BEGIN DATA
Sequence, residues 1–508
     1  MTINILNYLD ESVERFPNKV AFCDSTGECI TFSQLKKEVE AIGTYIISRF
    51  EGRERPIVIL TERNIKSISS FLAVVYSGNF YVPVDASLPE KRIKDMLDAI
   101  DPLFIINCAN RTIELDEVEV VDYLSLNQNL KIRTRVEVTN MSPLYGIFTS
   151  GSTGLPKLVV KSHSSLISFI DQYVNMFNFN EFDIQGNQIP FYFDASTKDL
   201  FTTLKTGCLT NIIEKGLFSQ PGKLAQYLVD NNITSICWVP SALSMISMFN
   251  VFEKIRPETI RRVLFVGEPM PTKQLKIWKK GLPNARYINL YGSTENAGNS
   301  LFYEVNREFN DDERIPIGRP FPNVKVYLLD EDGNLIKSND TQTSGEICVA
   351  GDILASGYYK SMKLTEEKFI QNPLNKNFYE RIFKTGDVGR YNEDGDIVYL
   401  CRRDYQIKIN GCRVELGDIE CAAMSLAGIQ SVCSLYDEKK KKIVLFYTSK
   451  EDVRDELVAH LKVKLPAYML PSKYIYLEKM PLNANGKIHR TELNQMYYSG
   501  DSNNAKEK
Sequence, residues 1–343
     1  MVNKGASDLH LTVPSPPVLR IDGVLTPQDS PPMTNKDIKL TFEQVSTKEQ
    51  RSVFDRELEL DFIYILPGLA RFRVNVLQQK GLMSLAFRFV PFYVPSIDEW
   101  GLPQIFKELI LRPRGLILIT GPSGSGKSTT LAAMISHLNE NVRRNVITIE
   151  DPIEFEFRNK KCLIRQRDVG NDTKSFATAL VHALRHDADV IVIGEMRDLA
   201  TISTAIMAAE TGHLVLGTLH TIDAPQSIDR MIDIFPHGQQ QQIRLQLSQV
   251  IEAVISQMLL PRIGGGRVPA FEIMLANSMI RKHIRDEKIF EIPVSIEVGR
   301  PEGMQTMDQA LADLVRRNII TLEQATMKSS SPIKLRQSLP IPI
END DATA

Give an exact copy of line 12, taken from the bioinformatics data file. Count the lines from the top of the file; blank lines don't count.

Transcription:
   501  DSNNAKEK